Is Helicobacter pylori Stirring up Trouble in Your Stomach?By: Jacqueline PerezDecember 9, 2010

Helicobacter Pylori ((
Helicobacter Pylori ((

Helicobacter pylori is one of the most common bacteria known to cause infections worldwide. Since the discovery of this bacteria is fairly new there are still many questions left unanswered about the characteristics this bacteria contains. H. pylori is usually transmitted among people living within the same household. It is contracted through sharing eating utensils, drinking the same water, and other forms of person -to- person contact. H. pylori has been known to be a contributing factor in the development of stomach cancer. Many studies show that those individuals that carry this bacteria have an increased risk of developing gastric cancer down the line if they do not take an active stance in controlling this bacteria There are several methods which can help treat people with H. Pylori which can then help lower their risk of developing stomach cancer.

After reading about Helicobacter pylori in my microbiology textbook and learning about it in class I wanted to discover more about this bacteria because I felt that the information I had was very brief. The key points that I learned in class were that this bacteria is somewhat new and that it has been associated with causing stomach cancer within its victims. My reasoning for researching this topic was to learn more about how this bacterium causes gastric cancer and what treatments currently exist to aid those who currently have it in their stomach. Since stomach cancer is such a vicious cancer to fight, I felt that it was important to research this topic and inform others on how they can try to prevent the transmission of H. pylori. The most significant findings in my research was that if detected early and with proper treatment, H. pylori can be maintained and can reduce the risk of a person developing gastri
Warren and Marshall
Warren and Marshall
c cancer in the future.

Helicobacter Pylori:
This bacteria was first described by Warren and Marshall in 1983 (Vale, 2010).H. pylori is a gram negative spiral-shaped microaerophilic bacterium which has been known to neutralize human’s stomach acid which therefore allows this bacteria to thrive and develop within the stomach (Case, 2010). The growth of this bacteria causes the immune system to commence a response which in turn can lead to the development of stomach cancer (Case, 2010). *picture of Warren and Marshall provided by:(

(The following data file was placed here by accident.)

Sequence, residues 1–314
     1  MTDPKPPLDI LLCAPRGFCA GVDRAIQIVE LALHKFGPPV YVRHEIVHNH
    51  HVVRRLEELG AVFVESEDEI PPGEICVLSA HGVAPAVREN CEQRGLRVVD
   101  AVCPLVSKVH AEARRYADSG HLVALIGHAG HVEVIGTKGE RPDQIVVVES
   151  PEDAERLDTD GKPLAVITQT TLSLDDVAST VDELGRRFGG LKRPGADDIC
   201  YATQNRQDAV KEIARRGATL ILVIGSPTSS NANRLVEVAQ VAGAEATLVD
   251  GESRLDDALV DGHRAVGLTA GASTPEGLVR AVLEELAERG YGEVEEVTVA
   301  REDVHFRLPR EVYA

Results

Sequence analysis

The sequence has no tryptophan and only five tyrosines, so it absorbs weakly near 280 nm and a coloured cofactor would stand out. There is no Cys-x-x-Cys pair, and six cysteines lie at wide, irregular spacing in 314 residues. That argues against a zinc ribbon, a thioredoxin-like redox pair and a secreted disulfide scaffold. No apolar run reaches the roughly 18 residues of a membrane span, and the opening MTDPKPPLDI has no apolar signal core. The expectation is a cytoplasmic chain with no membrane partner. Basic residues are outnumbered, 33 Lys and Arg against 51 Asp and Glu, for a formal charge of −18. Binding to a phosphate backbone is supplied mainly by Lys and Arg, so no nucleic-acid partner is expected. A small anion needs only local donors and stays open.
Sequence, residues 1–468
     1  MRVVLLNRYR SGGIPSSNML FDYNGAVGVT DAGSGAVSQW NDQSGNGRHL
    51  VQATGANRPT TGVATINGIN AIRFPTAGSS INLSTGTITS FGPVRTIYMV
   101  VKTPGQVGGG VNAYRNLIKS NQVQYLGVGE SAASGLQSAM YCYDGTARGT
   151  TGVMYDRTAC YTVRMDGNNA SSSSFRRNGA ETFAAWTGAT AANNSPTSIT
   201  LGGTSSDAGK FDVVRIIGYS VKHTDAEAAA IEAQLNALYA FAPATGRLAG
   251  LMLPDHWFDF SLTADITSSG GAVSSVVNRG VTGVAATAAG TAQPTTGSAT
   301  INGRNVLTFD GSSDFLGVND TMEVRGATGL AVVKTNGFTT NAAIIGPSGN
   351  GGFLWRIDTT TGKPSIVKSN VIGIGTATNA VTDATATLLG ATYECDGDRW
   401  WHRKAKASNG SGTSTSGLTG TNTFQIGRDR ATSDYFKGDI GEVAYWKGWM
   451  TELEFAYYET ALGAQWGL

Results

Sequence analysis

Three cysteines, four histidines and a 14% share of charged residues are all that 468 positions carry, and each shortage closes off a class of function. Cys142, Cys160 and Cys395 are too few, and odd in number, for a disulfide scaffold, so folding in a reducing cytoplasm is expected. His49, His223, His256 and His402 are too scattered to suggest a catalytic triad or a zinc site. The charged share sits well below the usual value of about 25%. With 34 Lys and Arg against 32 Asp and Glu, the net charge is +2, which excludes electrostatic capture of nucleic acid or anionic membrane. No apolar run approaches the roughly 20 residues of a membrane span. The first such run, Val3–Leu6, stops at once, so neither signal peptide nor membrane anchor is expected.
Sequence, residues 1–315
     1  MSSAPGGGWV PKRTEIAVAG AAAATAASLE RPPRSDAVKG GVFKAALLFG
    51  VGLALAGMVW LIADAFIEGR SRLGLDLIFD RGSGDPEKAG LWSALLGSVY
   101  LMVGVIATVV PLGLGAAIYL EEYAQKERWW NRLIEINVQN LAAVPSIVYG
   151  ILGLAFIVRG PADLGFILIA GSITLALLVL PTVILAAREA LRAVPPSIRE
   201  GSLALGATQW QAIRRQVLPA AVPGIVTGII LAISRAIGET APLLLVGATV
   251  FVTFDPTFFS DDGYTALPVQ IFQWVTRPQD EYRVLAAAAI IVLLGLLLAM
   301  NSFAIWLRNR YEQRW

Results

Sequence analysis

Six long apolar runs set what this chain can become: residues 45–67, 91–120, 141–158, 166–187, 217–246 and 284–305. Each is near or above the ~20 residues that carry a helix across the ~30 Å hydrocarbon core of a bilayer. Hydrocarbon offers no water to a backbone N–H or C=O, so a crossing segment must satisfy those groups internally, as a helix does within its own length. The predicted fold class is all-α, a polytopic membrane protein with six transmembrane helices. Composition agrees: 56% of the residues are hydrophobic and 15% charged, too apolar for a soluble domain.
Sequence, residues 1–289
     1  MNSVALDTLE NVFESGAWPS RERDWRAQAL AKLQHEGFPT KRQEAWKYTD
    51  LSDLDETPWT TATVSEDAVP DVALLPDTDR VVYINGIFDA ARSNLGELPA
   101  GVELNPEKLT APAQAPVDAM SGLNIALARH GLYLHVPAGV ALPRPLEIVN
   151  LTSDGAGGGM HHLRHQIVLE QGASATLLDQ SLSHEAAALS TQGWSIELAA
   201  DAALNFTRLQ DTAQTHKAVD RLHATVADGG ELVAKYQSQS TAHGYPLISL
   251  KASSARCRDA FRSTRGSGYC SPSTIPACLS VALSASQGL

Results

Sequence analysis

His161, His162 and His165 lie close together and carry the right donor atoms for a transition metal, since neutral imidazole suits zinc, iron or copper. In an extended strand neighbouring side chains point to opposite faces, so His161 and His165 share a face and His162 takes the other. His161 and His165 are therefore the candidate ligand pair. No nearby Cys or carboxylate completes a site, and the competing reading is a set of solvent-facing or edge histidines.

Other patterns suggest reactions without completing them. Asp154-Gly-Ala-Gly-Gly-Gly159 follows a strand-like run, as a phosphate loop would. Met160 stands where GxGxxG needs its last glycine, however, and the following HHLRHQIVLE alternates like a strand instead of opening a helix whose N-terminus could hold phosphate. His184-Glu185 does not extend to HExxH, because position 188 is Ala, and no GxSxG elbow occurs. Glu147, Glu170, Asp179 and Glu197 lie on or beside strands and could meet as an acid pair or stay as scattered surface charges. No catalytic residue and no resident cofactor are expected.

The transmission of this bacteria is still not fully understood however; scientists speculate that H. pylori is most likely transmitted by living in overcrowded unsanitary conditions through oral to oral, gasto to oral and faecal to oral transmission(Vale, 2010). Evidence suggest that poor hygiene is a contributing factor in contracting this bacteria and that most infections occur in rural developing areas (Vale, 2010). Individuals generally contract H. pylori during childhood yet there are some uncommon cases in which adults obtain this bacteria (Plummer, 2000). Due to the fact that most transmission occurs during childhood, it is crucial that this bacteria be detected early in order to prevent further damage to the stomach (Plummer, 2000).

Correlation to Stomach Cancer:
Infection with H. pylori is a contributing factor to the development of stomach ulcers which if left untreated could lead to a transformation of the gastric mucosa and can therefore be a precursor for gastric cancer (Sonnenberg, 2002). Helicobacter pylori promotes various alterations in gene expressions within gastric cells, this can further change structures inside of the stomach that encourage persistent infection as well as bacterial adhesion (Carvalho, 2008). This bacteria inspires neutrophil polymorphs as well as monocytes to create an extreme quantity of reactive oxygen metabolites which can disrupt DNA formation causing mutations as well as harm to the DNA structures (Chueng, 2008)